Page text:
Australia is attempting to reconcile its spiraling industrial emissions with its emissions-reduction commitments by buying cheap international carbon credits on a grand scale. It's also seeking a change in international greenhouse-gas accounting rules so it can offload rapidly increasing carbon emissions from wildfires and drought as "natural disturbances." And it wants credit for the huge amount of carbon that can potentially be sequestered in its soil, which may let the country avoid industrial emission cuts for another decade.
Ironically, the rest of the world views Rudd as an ecofriendly politician who ratified the Kyoto Protocol, championed an ambitious global climate agreement, and vowed to set a national target of lowering greenhouse emissions by up to 25 percent by 2020. Barack Obama said Rudd was doing "a terrific job," and Al Gore twice toured with him, heaping praise and recording a video for the prime minister's Web site. Gore did distance himself from Rudd's polluter-friendly emissions-trading scheme ("not what I would have written"), but the overall impression has been a glowing endorsement of the Australian government.
Rudd, at least, acknowledges that global warming is a problem. The other side of Australian politics is thoroughly controlled by climate skeptics. When "moderate" elements of the conservative opposition negotiated concessions from Rudd to make the proposed emissions-trading scheme even more polluter friendly, conservatives changed their leader rather than see it enacted. Their new leader, Tony Abbott, calls the scientific case for human-made global warming "absolute crap."
The most conspicuous resistance to the Australian coal rush comes from farmers. It's not that they link coal and climate change to the devastating drought (although scientists expect irrigated agriculture in the Murray-Darling Basin, the most significant agricultural area, to be gone by 2100). Rather, coal mining and coal-bed methane extraction directly threaten the country's 6 percent of arable land. In particular, farmers fear the mining could damage the headwaters and aquifers feeding into the Murray-Darling river system. The battle pits two of the country's most potent lobbying forces against each other.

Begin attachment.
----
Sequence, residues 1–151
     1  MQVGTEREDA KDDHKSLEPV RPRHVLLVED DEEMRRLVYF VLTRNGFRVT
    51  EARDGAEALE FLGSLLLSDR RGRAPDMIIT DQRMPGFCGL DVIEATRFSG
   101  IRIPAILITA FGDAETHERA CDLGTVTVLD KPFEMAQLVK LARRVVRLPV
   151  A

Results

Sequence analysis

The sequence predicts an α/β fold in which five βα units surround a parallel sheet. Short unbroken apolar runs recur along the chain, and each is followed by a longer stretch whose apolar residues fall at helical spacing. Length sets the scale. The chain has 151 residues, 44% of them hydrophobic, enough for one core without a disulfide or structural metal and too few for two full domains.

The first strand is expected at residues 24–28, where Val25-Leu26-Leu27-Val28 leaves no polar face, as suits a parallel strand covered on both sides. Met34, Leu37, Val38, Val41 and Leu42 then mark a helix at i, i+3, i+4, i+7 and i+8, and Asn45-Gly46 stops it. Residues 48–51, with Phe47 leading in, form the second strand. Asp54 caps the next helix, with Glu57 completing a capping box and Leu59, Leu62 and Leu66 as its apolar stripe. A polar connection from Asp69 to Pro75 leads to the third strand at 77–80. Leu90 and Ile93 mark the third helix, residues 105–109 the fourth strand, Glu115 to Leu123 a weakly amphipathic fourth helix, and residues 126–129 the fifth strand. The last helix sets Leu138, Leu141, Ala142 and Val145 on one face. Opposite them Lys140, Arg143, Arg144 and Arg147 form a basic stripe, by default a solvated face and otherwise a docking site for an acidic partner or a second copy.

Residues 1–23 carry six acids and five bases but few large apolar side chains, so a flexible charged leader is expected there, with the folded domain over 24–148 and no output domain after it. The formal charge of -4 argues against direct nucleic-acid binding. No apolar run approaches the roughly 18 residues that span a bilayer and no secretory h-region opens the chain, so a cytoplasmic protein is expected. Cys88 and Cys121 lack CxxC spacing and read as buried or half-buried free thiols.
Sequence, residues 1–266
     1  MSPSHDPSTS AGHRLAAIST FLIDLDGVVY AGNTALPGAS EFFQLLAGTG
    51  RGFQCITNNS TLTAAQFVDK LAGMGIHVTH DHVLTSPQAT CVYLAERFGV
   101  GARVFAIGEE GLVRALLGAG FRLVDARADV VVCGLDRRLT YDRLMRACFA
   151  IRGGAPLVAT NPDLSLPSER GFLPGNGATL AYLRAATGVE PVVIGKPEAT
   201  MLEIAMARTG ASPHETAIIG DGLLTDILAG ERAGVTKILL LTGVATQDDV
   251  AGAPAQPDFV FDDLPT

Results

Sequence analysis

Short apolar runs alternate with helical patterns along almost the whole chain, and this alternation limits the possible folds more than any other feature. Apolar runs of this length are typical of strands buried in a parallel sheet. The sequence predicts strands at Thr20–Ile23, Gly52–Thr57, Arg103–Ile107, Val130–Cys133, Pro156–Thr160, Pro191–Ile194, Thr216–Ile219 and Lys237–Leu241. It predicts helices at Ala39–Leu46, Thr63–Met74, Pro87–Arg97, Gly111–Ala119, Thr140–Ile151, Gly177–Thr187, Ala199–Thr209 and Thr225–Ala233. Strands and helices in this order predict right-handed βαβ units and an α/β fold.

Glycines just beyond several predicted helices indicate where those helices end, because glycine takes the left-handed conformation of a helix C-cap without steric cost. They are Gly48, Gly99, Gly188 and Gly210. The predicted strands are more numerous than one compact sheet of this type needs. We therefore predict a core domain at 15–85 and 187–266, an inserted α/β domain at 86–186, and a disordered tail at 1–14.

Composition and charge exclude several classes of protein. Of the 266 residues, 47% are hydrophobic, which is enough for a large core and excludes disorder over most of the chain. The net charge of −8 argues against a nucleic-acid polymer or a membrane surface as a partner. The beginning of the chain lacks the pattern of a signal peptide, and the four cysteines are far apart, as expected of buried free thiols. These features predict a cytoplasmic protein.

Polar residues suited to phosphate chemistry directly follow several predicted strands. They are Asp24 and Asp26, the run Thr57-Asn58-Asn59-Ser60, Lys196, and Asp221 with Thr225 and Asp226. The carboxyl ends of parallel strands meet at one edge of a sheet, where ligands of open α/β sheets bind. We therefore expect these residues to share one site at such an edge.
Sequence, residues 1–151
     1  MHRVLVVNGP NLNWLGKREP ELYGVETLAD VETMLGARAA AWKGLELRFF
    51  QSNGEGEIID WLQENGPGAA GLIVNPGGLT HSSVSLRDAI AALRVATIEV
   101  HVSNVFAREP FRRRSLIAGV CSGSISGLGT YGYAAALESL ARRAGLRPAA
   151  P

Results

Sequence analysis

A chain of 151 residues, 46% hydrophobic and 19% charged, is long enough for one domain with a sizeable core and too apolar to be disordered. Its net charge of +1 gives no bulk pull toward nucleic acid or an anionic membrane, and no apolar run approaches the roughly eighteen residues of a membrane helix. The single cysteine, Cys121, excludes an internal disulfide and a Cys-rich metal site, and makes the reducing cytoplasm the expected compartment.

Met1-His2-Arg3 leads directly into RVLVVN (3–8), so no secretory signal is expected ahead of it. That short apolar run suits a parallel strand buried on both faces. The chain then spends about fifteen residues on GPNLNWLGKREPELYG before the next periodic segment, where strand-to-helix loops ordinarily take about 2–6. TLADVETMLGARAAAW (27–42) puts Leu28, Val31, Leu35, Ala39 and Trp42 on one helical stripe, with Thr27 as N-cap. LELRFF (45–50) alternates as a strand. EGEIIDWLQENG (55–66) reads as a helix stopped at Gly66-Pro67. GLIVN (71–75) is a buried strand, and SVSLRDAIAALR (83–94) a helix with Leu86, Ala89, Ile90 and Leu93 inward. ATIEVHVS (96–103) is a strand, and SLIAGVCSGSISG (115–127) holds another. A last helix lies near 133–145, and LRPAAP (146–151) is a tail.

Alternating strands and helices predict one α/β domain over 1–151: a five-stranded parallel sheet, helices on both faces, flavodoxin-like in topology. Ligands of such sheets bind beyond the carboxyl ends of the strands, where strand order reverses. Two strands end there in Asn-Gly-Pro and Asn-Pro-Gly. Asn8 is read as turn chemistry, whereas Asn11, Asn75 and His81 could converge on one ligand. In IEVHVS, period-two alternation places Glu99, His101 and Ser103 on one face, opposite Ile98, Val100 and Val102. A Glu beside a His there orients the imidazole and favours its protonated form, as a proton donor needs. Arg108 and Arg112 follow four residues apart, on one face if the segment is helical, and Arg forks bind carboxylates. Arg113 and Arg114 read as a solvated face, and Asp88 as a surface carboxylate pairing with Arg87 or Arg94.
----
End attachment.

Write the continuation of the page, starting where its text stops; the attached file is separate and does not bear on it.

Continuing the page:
Rosemary Nankivell is one of hundreds of farmers whose outlook has been turned upside down. Since 1920, her family has farmed 5,000 acres of some of Australia's best land, in the Liverpool Plains region of northwest New South Wales. Now she sees the devastation that coal mining has inflicted on farms in the neighboring Hunter Valley unfolding on her own doorstep: "We're seeing the same divide-and-conquer strategy used to buy up farms, and we're hearing the same hollow rhetoric about mining and farming coexisting peacefully and about mining not harming the rivers and groundwater. In truth, these companies don't care about the devastation they leave behind."
The farmers have attracted influential backing. The conservative National Party's senate leader, Barnaby Joyce, for example, says, "There are certain peculiar areas in Australia where the quality of the land is so exceptional that you should not be compromising that for coal." Yet Joyce is also a prominent greenhouse-gas skeptic and a supporter of coal mining; in 2006 he suggested that Australia should mine coal in Antarctica before others get to it.
A few well-connected farming communities may prevail in preserving their land, but it will scarcely dent Australia's booming coal industry. Most transactions involve drought-weary farmers who can feel the climate changing, whether or not they blame human activity. As Nankivell puts it, "If someone is offered a million dollars for 500 acres of marginal country, they're quietly taking the money."
Perhaps as a subtle hint to would-be sellers, BHP Billiton, Xstrata, and others are sponsoring a "drought recovery concert" by the Sydney Symphony Orchestra. "BHP Billiton brings soothing Symphony to drought-stricken farmers," croons the press release. As greenhouse gases slowly broil Australia's parched farms, the band plays on.
ON THE WEB See more photos from award-winning photographer Michael Hall.
Guy Pearse is a research fellow at the University of Queensland's Global Change Institute.
These articles were funded by the Sierra Club's Beyond Coal campaign.
China photos, from top: Natalie Behring/Aurora Photos; Andrew Wheeler/Alamy; Natalie Behring/PANOS;
Australia photos, from top: Michael Hall; Christophe Launay/Aurora Photos; Friends of Felton; Doug Steley B/Alamy